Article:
Thai pro-democracy protesters returned to the streets of Bangkok on February 10 after nearly two months, clanging pots and pans – a tactic borrowed from mass rallies against a coup in neighbouring Myanmar.
The protest came a day after a court denied bail to four prominent democracy leaders who were charged under the kingdom’s draconian royal defamation laws.
Since the pro-democracy movement kicked off in July, more than 50 protesters have been charged under the laws and face up to 15 years in jail.
At the movement’s peak last year, tens of thousands of people rallied across Bangkok to call for the resignation of Prime Minister Prayut Chan-o-cha.
Protesters also broke a long-held taboo by demanding reforms to the country’s unassailable monarchy.
On February 10, a few thousand protesters gathered in a downtown shopping district, chanting “Prayut, get out” while banging pots and pans.
Protest leader Panusaya Sithijirawattanakul announced: “Today is the first day of this year’s fighting.
“Our aim this year is to bring millions of people onto the streets and when more come out, our demands will become true.”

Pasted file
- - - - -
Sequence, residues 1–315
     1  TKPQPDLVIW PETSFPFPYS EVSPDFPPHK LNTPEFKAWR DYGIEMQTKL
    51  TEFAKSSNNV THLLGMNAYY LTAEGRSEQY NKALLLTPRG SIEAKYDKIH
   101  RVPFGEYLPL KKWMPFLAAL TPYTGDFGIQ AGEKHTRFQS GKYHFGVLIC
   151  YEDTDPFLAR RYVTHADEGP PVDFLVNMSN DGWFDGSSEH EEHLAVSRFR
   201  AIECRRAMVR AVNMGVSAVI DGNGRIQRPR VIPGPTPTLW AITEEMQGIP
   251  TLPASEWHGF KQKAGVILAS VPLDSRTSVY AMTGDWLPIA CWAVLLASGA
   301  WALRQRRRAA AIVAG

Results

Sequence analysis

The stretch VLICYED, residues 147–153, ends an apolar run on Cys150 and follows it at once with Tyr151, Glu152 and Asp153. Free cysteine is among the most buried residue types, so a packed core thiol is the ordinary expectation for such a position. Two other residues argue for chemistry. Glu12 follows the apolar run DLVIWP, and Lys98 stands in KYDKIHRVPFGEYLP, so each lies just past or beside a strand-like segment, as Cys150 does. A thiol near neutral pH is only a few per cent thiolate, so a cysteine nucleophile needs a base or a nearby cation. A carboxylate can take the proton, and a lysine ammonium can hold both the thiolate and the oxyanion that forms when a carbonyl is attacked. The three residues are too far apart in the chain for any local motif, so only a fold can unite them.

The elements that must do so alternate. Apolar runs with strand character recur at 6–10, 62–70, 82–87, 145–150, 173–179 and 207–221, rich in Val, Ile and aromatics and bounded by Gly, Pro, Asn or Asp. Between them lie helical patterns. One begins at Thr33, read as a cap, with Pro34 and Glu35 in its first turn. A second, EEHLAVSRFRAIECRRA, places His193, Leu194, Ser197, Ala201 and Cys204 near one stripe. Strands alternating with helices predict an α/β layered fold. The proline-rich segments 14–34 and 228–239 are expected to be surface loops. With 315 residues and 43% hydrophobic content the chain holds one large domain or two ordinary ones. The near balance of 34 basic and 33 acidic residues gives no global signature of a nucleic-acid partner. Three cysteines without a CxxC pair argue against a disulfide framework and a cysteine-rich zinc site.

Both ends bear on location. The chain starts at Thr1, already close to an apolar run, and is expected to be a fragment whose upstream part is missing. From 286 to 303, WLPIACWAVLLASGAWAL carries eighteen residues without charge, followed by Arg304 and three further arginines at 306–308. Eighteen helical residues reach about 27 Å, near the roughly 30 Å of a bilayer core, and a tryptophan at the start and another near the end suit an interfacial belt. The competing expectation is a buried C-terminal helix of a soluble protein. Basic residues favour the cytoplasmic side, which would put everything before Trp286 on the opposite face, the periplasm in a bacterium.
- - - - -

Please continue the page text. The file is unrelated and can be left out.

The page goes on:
After night fell, they marched to a nearby police station, angered that some protesters had been detained.
But by about 9:00pm, protest organisers announced that the demonstration was over.
Also joining the protest were scores of Myanmar migrant workers – a front of solidarity for pro-democracy values after their home country was plunged back under military rule last week when their leader Aung San Suu Kyi was ousted.
Hundreds of thousands of people have since taken to the streets of Myanmar to demand a return to democracy.
Prayut – who came to power in 2014 after staging a putsch – told reporters on February 10 that he had received a letter from Myanmar coup leader General Min Aung Hlaing asking for help “to support democracy”.
“We support the democratic process in Myanmar but what’s important is that we keep good relations with each other,” Prayut said.
The Myanmar military had justified the February 1 coup by alleging electoral fraud in November’s elections, which Suu Kyi’s party won in a landslide.
Many people in Myanmar have also engaged in nightly banging of pots and pans, a practice traditionally associated with exorcising evil spirits, in a bid to chase out the generals.
Aside from emulating the banging of the pots, some Thai demonstrators on February 10 carried posters of Suu Kyi.
Myanmar’s protesters have also drawn inspiration from the Thai democracy movement.
They have made waving a three-finger salute one of their trademarks, which is a gesture that became a symbol of resistance for Thailand’s pro-democracy movement.